Be sure to check out our tips for supporting seniors who are college-bound during COVID-19. Next, help your students craft a college prep checklist. Be aware that due to complications administering the SAT and ACT, many Texas schools have announced that entrance exam scores will be an optional part of admission applications through 2021. Be sure to check out this list of test-optional schools in Texas.

Many of your students have likely experienced changes to their personal and family income due to the pandemic. These changes can affect expected family contribution, so your students may need help submitting a financial aid appeal. This can seem like a daunting task, but it’s been simplified. Students can use a free, comprehensive app called SwiftStudent to work through the following process:

  1. Learn about eligibility
  2. Use a free template to write an appeal letter
  3. Print and take the letter to their financial aid office
  4. Wait for the school to accept or reject their request

When guiding students on how to choose a college during COVID-19, educators should support students by considering budget, student needs, school offerings, and first-person insight. Even though students and families may be disappointed by limitations to in-person college visits, students still have many opportunities to engage in Texas college virtual tours.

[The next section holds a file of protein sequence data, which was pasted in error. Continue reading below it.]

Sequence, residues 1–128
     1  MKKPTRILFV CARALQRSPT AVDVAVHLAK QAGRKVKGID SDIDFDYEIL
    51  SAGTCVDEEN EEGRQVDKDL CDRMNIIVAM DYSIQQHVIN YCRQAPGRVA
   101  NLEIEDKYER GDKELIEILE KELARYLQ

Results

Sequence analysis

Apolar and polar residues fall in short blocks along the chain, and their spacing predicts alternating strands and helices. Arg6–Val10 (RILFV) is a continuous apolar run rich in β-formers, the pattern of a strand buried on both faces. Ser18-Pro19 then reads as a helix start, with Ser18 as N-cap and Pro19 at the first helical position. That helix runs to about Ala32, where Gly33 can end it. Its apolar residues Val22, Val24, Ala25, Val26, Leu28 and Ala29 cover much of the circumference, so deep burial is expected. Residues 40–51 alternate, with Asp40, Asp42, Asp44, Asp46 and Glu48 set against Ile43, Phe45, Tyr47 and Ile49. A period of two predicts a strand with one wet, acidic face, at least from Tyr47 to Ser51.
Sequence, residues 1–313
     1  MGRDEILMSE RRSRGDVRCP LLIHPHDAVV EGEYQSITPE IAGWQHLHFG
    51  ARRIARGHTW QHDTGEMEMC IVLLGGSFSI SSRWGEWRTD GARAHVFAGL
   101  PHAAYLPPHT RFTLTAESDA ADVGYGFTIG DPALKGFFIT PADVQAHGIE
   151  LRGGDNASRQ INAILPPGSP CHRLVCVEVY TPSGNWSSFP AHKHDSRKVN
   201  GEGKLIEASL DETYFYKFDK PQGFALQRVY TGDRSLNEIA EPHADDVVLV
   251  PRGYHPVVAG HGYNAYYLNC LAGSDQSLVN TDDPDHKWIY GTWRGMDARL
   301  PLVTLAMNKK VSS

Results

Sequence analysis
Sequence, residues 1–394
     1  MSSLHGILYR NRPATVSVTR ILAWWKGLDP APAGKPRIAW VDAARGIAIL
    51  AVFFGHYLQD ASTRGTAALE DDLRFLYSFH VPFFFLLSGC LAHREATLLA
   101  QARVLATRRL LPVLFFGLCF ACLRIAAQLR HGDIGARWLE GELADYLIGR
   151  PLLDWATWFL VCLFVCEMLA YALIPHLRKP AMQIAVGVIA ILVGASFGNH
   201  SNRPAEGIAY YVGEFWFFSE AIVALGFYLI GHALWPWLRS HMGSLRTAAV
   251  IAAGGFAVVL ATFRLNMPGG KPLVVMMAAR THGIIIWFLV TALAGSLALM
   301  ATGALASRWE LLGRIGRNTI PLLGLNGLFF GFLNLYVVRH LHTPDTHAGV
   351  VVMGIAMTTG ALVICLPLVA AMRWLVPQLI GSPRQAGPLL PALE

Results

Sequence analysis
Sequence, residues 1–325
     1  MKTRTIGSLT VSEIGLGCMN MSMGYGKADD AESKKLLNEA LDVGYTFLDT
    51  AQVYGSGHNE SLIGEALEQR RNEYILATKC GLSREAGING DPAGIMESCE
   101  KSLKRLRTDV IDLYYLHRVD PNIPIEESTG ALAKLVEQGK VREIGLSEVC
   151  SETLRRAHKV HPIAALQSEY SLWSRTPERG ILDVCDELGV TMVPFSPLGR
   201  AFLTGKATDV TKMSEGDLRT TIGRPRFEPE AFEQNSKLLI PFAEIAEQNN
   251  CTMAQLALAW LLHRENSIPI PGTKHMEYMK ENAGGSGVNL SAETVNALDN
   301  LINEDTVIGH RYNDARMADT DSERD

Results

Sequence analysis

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How do we help educators stay on track?

Professional development for educators has never been more important. Many summer PD plans were derailed, and educators remain hungry for tools and resources that will make their new virtual routines easier. Remote PD has become the go-to solution for educators’ needs. Fortunately, free PD for teachers is available. 

Educators can also engage in free, on-demand, self-guided professional development using the Texas OnCourse Academy. Using the Academy, you can become the go-to source for career and college planning. The Academy has over 30 learning modules on endorsements, graduation plans, career pathways, entrance exams, college applications, military academies, financial aid, and more. All these free modules are available remotely, and you can review them at your own pace.

Keeping educators up-to-date is very important to us, so we’ve ensured that the Academy has been updated with the most recent and relevant COVID-19 information. These updates to the Texas OnCourse Academy modules include new information related to COVID-19, revisions to career clusters, and FAFSA information related to HB3. We’ve also updated a number of PDF downloads in the modules as well. Be sure to review these changes for any critical information to pass along to your students!

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Stay on top of our timely updates.

To make your return to school easier, we’ve been providing weekly Facebook Live videos about the timely topics that will inform and help you serve your students effectively. These include updates on the following:

Be sure to like the Texas OnCourse Facebook page, where we share tools and resources for educators daily. We record updates on Facebook Live every Thursday at 4 p.m. And don’t forget to follow our Instagram account – our engaging infographics and reminders are perfect for sharing with students. 

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Topics: College Planning, Educators, Coronavirus, Distance Counseling and Learning